South Congress Mediterranean restaurant has Austinites booking weeks in advance for 'the whole experience'
Tucked away on South Congress and Music Lane is the magical Mediterranean oasis: Aba.
Aba, which is Hebrew for "father," opened its restaurant doors in October, providing fresh and vibrant Mediterranean dishes. Originally a Chicago favorite, Aba has already proven itself an Austin hit spot, booking dinner reservations for weeks in advance.
Aba first opened its doors in Chicago's Fulton Market District in 2018 after Marc Jacobs, executive partner and divisional president of Lettuce Entertain You and Chef CJ Jacobson had an idea to bridge Mediterranean cuisine with Californian freshness and modernism.
Jacobs, who has worked for the dining enterprise Lettuce Entertain You for 28 years, has been visiting Austin for the last seven years consulting with businesses in town. After a 2017 company retreat to Austin, the group quickly became enamored with the city.
Following the success of the Chicago restaurant, Jacobs and Jacobson took a chance when the opportunity arose to open its second location in Austin with developer Turnbridge Equities. The team visited the location on South Congress, spotted the enormous tree in their patio dining area and fell in love with the location, said Sue Kim, associate partner of Lettuce Entertain You.
Kim relocated to Austin with the opening of Aba on South Congress, along with other management on the team from Chicago.
"We are so grateful for the enthusiasm that our neighborhood and local community have shown us," Kim said. "There is no question that we embrace it. We are still so new though. There are so many people we still need to meet and serve, so we just do this one guest at a time, that's always been our mantra."
Marc Jacobs, CJ Jacobson and Sue Kim (Aba)
The inspiration behind the flavors in the kitchen comes from Chef Jacobson's stay in Israel, when he played professional volleyball there briefly. Although not permanently stationed in Austin, the chef spends a lot of his time in Austin, building new dishes through seasonal produce not found in Chicago.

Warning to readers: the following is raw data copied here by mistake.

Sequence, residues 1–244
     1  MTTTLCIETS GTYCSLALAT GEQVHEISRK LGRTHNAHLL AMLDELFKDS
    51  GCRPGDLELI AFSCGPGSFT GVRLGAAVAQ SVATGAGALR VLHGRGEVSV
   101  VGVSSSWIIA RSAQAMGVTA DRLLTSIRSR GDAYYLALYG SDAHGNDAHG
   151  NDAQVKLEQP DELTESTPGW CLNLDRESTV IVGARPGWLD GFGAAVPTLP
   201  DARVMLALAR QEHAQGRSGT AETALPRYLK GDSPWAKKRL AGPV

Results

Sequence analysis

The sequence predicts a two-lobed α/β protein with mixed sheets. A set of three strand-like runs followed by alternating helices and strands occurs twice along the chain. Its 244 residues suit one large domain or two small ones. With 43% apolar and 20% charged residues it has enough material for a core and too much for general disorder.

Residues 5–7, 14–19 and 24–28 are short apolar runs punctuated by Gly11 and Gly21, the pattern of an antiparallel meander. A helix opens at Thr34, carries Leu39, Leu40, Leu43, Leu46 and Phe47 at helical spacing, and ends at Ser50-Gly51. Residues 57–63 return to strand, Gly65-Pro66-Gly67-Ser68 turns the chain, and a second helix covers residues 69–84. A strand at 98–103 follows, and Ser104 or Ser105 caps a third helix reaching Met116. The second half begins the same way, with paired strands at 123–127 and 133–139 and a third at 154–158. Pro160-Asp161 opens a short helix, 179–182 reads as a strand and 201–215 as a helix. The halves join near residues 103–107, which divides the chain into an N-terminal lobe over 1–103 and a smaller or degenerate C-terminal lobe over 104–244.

Based on the season, Aba will adjust its menu to provide guests with the best seasonal flavors. The latest change was made this week when Aba transitioned to seven new menu items.
After 30 years in the business, Kim said she still "geeks out over the food" and is always looking forward to eating that perfect bite. She says the hummus is one of her favorites from Jacobson.
With only its outdoor patio open for dine-in, Kim said it has been heartbreaking not being able to accommodate more guests and she hopes to embrace more people in the future, the way the neighborhood has embraced them.
"We are taking this (pandemic) very seriously and decided to close (indoor dining), which has been challenging," Kim said. "I want to feed and nurture every soul that comes through our doors, and it's hard when you can't do that. We do the best we can with limited possibilities for walk-in."
Since its opening, Aba has been booked up most nights leaving lunchtime to be more accessible to those wanting to try out the restaurant without a reservation.
Sisters Sunny and Sidney Allison visited Aba earlier this week. (Isabella Lopes)
In their second visit, Sunny and Sidney Allison stopped by Aba Tuesday for lunch. The two sisters enjoyed the hummus, lamb and altogether Aba experience, they said. "We came last time without a reservation and they were able to fit us in," Sidney Allison said. "We love it here, the food is amazing."
From the location with a tree in the middle of the patio to the colorful creative dishes on the menu, Aba has made customer experience a top priority. It is what keeps people talking about the restaurant, and its dinner reservations booked several days or even weekends in a row.
"We focus on three things: great food, great service and attentive style, giving our guests the whole experience," Kim said. "It feels like a little piece of Eden, especially during these turbulent times."
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